Spiritual Agency as Praxis for Community Healing: Hurricane Katrina to the BP Oil Disaster and Beyond

By C. Holly Denning.

Published by The International Journal of Religion and Spirituality in Society

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Article: Print $US10.00
Article: Electronic $US5.00

Technologically and politically ‘manufactured risks’ (Giddens, 1999) threaten people and nature depending on social and geographic location (Alario and Freudenburg, 2010; Marris, 1996). Paradoxical reactions from fear and trauma to hope and healing arise in response to disasters. Spiritual agency is a praxis based in spiritual reflection and action to transform social crises into opportunities; this dynamic process provides hope and mobilizes individuals and groups. While global crises are on the rise, a holistic paradigm shift—toward ‘co-creating’ more environmentally sustainable, peaceful societies based in social justice—is simultaneously underway. This paper explores the evolution of the concept of spiritual agency and how it can serve as a healing strategy for communities impacted by disasters. The Common Ground Relief collective in New Orleans is viewed as embodying this praxis in the wake of Hurricane Katrina and the BP oil spill.

Keywords: Spirituality, Eco-feminism, Sociology of Disasters, Environmental Justice, Multiculturalism, New Orleans, Gulf Coast

The International Journal of Religion and Spirituality in Society, Volume 1, Issue 4, pp.101-114. Article: Print (Spiral Bound). Article: Electronic (PDF File; 723.905KB).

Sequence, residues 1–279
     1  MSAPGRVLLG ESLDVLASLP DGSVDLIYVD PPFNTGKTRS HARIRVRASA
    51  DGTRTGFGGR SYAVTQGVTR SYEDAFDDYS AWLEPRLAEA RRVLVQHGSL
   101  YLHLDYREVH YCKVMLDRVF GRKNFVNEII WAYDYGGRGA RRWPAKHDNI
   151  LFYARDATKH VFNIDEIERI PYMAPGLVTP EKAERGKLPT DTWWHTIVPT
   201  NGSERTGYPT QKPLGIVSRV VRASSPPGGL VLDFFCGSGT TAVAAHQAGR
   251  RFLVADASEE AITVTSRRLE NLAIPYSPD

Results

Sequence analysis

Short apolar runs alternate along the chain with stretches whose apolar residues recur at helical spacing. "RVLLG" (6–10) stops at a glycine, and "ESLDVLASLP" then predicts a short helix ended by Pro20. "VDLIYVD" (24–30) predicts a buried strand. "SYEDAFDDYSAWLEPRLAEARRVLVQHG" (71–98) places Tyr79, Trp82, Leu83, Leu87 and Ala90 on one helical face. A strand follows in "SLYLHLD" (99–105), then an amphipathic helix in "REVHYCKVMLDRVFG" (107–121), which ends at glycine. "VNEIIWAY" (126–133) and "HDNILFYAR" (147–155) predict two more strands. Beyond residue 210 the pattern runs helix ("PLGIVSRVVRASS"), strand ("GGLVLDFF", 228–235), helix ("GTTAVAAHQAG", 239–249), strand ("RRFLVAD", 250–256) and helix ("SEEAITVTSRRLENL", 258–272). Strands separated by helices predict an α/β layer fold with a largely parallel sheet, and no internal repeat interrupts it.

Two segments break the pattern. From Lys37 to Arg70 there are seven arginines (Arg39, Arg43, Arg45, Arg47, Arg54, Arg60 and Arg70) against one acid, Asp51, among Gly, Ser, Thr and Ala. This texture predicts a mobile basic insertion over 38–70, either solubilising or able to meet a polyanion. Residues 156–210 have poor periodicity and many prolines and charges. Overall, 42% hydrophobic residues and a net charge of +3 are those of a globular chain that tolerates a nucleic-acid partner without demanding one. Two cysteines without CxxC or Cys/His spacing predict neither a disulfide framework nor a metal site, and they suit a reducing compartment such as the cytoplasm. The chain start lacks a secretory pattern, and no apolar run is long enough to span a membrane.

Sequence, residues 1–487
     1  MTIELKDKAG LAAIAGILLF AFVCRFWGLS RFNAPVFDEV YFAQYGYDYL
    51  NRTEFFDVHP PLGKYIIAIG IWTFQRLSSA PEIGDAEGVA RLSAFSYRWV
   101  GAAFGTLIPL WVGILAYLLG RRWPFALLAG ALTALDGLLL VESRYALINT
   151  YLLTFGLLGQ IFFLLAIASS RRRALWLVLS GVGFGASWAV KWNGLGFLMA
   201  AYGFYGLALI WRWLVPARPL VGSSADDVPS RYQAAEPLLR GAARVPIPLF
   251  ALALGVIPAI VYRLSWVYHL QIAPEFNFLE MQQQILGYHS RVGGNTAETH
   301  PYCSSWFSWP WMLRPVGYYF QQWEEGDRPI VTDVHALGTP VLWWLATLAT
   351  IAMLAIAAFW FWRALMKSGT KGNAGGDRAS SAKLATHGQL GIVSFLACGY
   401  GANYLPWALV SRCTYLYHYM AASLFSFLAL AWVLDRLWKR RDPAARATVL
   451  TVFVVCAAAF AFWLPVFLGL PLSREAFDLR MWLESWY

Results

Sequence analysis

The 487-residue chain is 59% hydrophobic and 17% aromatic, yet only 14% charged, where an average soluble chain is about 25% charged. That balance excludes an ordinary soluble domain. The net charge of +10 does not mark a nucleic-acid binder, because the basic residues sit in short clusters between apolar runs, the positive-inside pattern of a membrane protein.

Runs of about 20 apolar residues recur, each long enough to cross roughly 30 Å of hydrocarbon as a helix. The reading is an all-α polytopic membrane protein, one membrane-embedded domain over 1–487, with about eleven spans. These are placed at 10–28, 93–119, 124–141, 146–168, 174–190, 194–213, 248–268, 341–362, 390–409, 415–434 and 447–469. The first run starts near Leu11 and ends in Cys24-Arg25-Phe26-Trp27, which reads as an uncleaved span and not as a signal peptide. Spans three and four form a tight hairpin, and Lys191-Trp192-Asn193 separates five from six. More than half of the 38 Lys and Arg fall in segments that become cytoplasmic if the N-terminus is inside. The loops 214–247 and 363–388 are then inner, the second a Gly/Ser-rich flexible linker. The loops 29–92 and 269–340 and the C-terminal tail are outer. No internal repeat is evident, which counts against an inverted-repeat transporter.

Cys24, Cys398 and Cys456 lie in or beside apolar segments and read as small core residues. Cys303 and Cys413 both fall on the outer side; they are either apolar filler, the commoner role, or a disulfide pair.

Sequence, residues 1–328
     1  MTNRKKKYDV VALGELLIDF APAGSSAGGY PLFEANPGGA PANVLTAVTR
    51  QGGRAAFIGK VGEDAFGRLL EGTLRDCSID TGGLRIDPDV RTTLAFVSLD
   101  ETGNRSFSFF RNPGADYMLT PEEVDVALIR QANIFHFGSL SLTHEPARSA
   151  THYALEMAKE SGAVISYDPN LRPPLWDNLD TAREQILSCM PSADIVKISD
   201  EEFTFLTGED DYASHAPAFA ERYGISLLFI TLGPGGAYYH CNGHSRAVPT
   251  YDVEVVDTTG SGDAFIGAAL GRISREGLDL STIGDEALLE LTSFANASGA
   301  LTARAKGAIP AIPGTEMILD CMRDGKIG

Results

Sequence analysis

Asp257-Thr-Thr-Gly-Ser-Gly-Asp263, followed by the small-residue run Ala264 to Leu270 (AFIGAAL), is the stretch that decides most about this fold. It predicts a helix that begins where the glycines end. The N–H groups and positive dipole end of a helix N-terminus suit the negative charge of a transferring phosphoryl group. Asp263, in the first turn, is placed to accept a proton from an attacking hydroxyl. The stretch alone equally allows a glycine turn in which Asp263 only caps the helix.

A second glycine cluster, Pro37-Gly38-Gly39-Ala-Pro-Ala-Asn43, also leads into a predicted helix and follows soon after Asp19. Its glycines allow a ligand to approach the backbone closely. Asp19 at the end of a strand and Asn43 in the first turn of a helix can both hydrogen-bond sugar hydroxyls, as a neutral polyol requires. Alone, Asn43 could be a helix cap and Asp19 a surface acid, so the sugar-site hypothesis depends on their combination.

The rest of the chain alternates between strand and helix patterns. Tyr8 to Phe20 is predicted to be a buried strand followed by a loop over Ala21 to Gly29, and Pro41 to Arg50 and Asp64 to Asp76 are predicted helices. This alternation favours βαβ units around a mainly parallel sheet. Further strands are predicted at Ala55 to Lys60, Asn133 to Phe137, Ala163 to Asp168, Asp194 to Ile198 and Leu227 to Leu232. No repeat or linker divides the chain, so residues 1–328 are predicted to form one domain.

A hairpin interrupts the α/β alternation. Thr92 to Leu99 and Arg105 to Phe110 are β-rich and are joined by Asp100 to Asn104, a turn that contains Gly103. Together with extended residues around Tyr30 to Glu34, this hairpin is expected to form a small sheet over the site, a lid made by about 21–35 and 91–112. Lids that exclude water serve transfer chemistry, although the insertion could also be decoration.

C. Holly Denning

Sociology Lecturer, Department of Sociology, Anthropology and Criminal Justice, University of Wisconsin--Whitewater, Whitewater, Wisconsin, USA

C. Holly Denning has served as Academic Staff Instructor in Sociology and Ethnic Studies since 2004 at the University of Wisconsin at Whitewater. Doctoral research through Boston College in the program for Social Justice, extended through the 1990s and early 2000s; she is ABD. Multicultural and interdisciplinary research interests characterize her work. She has worked with Restorative and Community Justice models, traditionally used in criminal justice contexts, applying them to environmental disasters. Recent focus has been on the multiple impacts of Hurricane Katrina and the Gulf oil disaster. Water issues are one central focus--she is part of a strategic initiative on campus, the Interdisciplinary Water Expertise Team. She has also created a minor in Peace and Justice Studies at UW-W. Holly serves on the Race and Ethnic Studies Committee, co-coordinates learning communities and teaches in the Green Business is Good Business LC for incoming students.